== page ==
I’d like to introduce you to the people I’ve met on my writing journey. Going deeper into them is a great way to find out about some authors and their great stories.
I met Karen Sargent at the ACFW Conference in Nashville last year and her first book – Waiting for Butterflies – was launched this year. She loves English (most English teachers do), is inspired by Momhood and powered by a cup of cream and sugar with a dash of coffee.
So I asked her seven questions …
Who are you and what are you doing here?
This is a really great question, one I ask myself at every author event I’ve attended since my debut novel launched in April. I smile incredulously as people tell me they are excited to read Waiting for Butterflies or that they read it and loved it. Usually they are holding a book, extending it toward me expectantly. When I look at the cover, I see a familiar name—Karen Sargent—and I wonder, “Who put my name on that book?” Gripping my purple pen, I go through the motions: take the book, turn to the right page, and scribble my signature. Everything about the event indicates I’m an author, but I feel like an imposter. And I certainly have no idea what I’m doing here…or what I’m doing! I’ve been a wife for 30 years, an English teacher for 23 years, and a mom for 21 years. But an author? I think I’m in the midst of an identity crisis. And it feels really weird. But wonderful. Weird and wonderful!
What inspires you?
Momhood inspires me. For nearly 21 years I’ve loved being a mom, and that’s long enough to look back and realize I expected too much from myself—just like moms typically do. I expected perfection and always fell short because I compared myself to moms who loved to cook (my least favorite book is a recipe book!) and to moms whose homes were spotless (I’m good at moving clutter from one room to another and closing the door). I overlooked what I did well.
Like my own mom, I’m a good listener and I have honest conversations about the hard stuff. I try to remember what it was like to be a young adult and that my girls are still learning how to do life. It took time for me to sort the important from the trivial, but once I did, I was inspired to share. So I started The MOM Journey, a blog where moms aren’t perfect and that’s perfectly okay. Being a mom has also inspired the novels I write. Each explores the depth of a mother’s love. I love being a teacher. I love being a writer. But most of all, I love being a mom.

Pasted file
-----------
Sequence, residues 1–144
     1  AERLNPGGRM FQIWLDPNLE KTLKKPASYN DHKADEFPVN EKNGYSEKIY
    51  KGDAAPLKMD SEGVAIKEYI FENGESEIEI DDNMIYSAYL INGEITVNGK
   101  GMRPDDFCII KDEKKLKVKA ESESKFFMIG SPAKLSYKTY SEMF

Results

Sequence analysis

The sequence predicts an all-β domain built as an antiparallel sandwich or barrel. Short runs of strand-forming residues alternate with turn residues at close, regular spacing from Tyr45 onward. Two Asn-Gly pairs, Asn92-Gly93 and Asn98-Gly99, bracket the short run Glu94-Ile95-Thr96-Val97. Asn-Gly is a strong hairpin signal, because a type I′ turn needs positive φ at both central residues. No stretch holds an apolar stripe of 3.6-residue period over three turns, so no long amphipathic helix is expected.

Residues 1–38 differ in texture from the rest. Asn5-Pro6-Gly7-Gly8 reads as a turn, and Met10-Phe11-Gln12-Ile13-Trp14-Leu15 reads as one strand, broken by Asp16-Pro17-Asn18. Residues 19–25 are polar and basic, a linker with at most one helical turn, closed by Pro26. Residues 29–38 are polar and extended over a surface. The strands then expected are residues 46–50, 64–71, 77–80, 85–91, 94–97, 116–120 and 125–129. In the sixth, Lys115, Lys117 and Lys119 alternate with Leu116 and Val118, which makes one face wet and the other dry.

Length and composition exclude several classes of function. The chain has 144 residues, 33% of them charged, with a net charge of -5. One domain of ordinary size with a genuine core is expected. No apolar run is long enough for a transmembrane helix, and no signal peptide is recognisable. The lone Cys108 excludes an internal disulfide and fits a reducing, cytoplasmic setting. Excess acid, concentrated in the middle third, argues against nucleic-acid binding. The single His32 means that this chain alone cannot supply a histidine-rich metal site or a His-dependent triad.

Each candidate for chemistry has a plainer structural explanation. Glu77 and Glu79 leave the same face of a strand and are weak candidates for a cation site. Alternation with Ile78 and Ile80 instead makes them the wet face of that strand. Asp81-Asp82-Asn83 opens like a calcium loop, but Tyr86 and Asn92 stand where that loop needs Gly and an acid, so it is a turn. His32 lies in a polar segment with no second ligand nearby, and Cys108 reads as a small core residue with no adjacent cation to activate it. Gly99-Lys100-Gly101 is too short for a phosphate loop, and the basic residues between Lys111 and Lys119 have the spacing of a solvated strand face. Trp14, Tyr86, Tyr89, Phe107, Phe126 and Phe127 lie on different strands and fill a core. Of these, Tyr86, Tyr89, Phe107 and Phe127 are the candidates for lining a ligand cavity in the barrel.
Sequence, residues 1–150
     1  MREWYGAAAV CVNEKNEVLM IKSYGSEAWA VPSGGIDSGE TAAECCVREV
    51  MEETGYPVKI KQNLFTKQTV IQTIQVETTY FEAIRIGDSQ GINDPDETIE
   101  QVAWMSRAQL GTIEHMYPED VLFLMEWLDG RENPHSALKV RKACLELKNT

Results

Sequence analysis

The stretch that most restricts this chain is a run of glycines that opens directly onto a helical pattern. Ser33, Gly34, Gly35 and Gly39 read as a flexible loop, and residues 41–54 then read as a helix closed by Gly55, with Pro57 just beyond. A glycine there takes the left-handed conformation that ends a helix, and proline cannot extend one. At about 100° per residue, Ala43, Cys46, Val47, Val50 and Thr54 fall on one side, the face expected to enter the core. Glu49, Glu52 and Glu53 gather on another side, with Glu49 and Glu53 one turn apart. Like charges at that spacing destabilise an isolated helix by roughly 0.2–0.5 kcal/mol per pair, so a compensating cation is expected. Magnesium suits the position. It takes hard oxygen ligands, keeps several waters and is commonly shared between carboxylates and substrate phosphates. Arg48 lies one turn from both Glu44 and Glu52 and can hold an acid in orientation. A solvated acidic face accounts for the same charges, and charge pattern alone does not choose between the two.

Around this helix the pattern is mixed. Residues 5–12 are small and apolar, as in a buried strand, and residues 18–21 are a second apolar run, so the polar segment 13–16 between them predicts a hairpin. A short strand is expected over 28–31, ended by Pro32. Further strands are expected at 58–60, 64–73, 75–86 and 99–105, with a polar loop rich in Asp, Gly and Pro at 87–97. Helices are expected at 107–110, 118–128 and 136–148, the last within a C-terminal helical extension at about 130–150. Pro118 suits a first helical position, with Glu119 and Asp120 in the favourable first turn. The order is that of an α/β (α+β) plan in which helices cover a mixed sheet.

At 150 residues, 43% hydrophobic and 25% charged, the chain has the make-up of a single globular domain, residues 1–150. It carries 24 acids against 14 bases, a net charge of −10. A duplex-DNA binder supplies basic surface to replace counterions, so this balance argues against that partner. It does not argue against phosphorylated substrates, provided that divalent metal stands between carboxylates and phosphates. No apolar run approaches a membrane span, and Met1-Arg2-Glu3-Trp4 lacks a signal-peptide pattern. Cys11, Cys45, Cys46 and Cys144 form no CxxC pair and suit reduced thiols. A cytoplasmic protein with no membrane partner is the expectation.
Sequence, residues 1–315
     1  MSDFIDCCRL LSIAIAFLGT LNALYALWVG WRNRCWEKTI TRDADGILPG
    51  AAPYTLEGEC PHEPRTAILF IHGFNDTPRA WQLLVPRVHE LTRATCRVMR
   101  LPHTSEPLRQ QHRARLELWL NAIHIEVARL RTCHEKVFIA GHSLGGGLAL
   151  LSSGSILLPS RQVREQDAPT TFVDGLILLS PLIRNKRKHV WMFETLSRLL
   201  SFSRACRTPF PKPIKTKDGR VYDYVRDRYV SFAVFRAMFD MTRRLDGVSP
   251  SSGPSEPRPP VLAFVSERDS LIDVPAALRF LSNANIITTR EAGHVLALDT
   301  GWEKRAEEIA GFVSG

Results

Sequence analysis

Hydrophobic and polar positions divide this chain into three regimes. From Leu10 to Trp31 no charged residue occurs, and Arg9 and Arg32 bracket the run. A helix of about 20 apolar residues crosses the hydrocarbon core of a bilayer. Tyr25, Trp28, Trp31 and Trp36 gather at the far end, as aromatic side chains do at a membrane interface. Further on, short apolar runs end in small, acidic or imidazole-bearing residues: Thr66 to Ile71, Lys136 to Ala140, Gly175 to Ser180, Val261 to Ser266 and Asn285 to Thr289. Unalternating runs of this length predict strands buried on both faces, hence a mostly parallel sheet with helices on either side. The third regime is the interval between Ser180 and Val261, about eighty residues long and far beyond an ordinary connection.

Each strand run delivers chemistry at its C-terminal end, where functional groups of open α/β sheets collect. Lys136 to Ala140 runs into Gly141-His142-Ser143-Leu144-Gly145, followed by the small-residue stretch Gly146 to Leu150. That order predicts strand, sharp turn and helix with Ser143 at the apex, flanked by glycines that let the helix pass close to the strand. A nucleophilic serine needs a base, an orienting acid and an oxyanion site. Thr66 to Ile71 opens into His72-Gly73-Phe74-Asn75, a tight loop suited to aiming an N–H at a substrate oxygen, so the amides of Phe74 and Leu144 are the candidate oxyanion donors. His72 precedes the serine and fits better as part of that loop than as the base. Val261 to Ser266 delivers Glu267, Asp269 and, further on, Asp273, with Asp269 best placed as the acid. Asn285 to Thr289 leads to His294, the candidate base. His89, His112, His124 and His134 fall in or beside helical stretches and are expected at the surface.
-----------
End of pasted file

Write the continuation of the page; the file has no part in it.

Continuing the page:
How did you end up being a writer?
More than two decades ago I became an English teacher because I loved to read and write. But once I stepped into my own classroom, I discovered my reading time was dominated by the literature I taught and the essays I graded, and my writing was limited to lesson plans. Then two baby girls entered the story, so I tucked away my writing dream. But my dream wiggled every now and then to remind me it was still there, and a few years ago, I dusted it off and let it breathe again. Finally, in my twenty-third year of teaching, that dream has become my first novel. And while I once believed my career and motherhood put my writing on hold, I now know both prepared me to write Waiting for Butterflies. Teaching my students great literature made me a storyteller. Teaching my students to write made me a better writer. And being a mom gave me something meaningful to say.
Describe a time when your own writing has made you laugh or cry.